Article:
All my life, whenever I’ve relocated to a new place, the first thing I’ve always done, often even before the household goods are out of boxes, is pay a visit to the public library and apply for a card, an impulse which means the library cards I’ve held serve as a pretty good road map of where I’ve been:
Writer that I am, I still find it a fairly admirable trait: to receive spiritual sustanance from books, and for libraries to serve as the churches one turns to for solace. But to put this same trait in a perhaps less positive light: I am always on the look-out for Operating Manuals (capitalization intentional), a method of moving through your life which means you damn well better have a library card. If I don’t know something, I assume there’s a book out there that can fix this lack in me, a lifelong search for meaning through the written word that might explain why The Husband and I have checked out a total of 27 books about bathroom renovation in the past six weeks, though the fact that much of the upcoming weekend will probably be spent trying to undo an abortive attempt at bathroom caulking indicates either that we never read them or that we forgot every instruction they gave within seconds after reading it.
All this is a roundabout way of saying that as soon as Elder Girleen was born, I hightailed it to the library for my fix. And oh, did I score! As Elder Girleen slept a total of approximately fifteen minutes in the first two months of her life, I was particularly fixated on infant sleep and in quick succession read:
- Healthy Sleep Habits, Happy Child
- Baby Wise
- Solve Your Child’s Sleep Problems (The Ferber Method)
- The No-Cry Sleep Solution: Gentle Ways to Help Your Baby Sleep Through the Night
- Dr. Sears Baby Book
- What to Expect the First Year
- Dr. Spock’s Baby and Child Care
- Some book put out by the American Academy for Pediatrics that you get for free if you join the Publix Grocery Baby Club
I now know that some children simply don’t sleep and there was no answer to my problem. But at the time, (just to continue the odd religious thread of the past few posts), I felt as devastated as if I had staggered to a church and found the door barred against me.
Because I was nursing Elder Girleen (a lot, because remember, she didn’t sleep), and I had gotten so proficient at it that I could read voraciously while I did so, I was also simultaneously reading every single “motherhood” book I could get my hands on. (Talk about being a glutton for punishment — where else, given all this, could I possibly have ended up but on the primrose path to postpartum depression?)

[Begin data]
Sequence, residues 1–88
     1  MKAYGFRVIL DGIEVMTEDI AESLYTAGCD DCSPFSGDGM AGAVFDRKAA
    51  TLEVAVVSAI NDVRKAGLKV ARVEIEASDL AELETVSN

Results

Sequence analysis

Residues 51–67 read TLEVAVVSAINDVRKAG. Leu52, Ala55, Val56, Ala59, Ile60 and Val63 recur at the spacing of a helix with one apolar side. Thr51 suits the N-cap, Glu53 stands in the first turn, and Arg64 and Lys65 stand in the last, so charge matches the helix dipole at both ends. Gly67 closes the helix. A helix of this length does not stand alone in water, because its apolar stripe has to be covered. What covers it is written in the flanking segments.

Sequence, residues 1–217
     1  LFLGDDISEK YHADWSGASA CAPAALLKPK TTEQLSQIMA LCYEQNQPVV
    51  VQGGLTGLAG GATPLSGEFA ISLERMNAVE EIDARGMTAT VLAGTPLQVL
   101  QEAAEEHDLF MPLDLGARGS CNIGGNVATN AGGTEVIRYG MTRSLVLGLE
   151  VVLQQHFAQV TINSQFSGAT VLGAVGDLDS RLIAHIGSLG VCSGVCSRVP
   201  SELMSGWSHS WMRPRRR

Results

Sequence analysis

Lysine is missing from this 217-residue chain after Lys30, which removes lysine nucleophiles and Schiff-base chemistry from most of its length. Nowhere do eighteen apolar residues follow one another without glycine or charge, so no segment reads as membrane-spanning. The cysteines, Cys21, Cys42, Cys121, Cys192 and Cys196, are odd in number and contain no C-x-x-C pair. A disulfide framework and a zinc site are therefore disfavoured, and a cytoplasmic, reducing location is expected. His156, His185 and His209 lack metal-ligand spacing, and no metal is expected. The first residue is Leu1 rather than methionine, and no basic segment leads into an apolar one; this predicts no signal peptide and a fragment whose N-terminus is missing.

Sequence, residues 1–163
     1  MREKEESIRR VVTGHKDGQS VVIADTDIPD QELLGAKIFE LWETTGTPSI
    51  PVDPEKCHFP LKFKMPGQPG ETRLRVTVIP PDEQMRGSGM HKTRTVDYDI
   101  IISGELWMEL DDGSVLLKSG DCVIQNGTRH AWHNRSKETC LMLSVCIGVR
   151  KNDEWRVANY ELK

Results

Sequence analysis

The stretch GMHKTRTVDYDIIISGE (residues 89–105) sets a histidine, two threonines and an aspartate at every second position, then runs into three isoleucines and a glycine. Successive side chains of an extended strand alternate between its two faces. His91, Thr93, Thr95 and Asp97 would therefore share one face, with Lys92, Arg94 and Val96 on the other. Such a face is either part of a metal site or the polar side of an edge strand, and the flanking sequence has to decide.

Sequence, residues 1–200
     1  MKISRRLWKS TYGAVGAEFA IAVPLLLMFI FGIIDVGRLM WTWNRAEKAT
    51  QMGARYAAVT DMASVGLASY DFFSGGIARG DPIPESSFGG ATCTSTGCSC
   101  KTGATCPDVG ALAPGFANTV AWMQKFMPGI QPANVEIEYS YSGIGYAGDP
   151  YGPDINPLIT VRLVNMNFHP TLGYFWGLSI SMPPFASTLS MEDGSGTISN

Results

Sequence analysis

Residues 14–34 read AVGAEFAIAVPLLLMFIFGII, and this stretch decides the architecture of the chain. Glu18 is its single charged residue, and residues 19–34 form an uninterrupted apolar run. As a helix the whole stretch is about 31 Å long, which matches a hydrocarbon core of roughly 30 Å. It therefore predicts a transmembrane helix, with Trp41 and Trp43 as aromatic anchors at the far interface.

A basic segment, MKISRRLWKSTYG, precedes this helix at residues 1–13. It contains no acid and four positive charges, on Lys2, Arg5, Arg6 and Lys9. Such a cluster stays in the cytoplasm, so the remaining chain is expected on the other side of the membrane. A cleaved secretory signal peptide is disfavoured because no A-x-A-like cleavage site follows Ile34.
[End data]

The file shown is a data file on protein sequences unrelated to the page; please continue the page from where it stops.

What was I looking for? I think what I was looking for was a lifeline, a comforting voice that would say something along the lines of hey, it’s okay if you think you suck at this; in fact, it’s also okay if you actually do suck at it, as long it’s in a sort of minor way and you’re not like, a crack addict who sold her baby or something. Or maybe what I really wanted that comforting voice to murmur was Forget sucking at this parenthood stuff! It’s actually okay that you hate it, or some of it, that you’d rather have ground glass shoved in your eyes than go to another playgroup, that what you want more than anything else is to go see a movie or walk in a coffeeshop with your prebaby body back and unencumbered…
Most of the writing I found instead seemed to fall into one of two camps. The first, which I’ve come to think of as the “And Then I Stared Down at the Little Miracle in My Arms” school of parenthood writing was so unrelentingly sentimental that I had to return those books to the library unread (I like my sentiment as much as the next girl, but it has to be leavened with something… I dunno, gore, or something). The second took the place of the lifeline I’d been looking for. Frayed, it was a lifeline that wasn’t pulling me anywhere I particularly wanted to go, but at least it kept my face out of the water. “The Wry Jocularity School of Parenthood Writing.” It felt subversive, even though it often schizophrenically veered off into “The Little Miracle in My Arms” territory in its final paragraphs. I liked it. It made me feel better. But if the “Little Miracle” school was formulaic, so was all this Dry Wit.
Part of loving reading may be a longing for that elusive, inexplicable moment when, reading something, you think yes, that’s it, that’s exactly what I felt. The two schools of parenthood writing, as formulaic in their ways as romance novels, could be good reading, were good writing, were sometimes excellent writing, but the jolt of recognition I occasionally got from them was more like the sort of feeling you get when you talk with a kindred spirit at a cocktail party that it was a profound expression of emotion. (And who am I to expect this from anything, anyway, now that I think about it?)
Two weeks of this blog under my belt and I’d be thrilled if any of this served as good example of the Wry Jocularity School of Writing — I mean, I want my Dear Readers to want to read this, want them to be at least momentarily entertained. At the same time, I’m also seeing how easy it is to fall into one of these two camps when you start writing about Parenthood. Is it because we live in sound bites, these days, and both techniques, the sentimental and the jocular, lend themselves to that? Is it because there’s something ineffable about the very state of parenthood, and that words fail it?
One of the definitions of ineffable is “not to be uttered” and maybe the problem is that parenthood may be one of the last social realms we have left that’s full of taboos. (Using the words “hate” and “parenthood” together in the same paragraph made me more uncomfortable than I like to admit). Or is it that the state of parenthood is bent almost to the breaking point by its cliched baggage?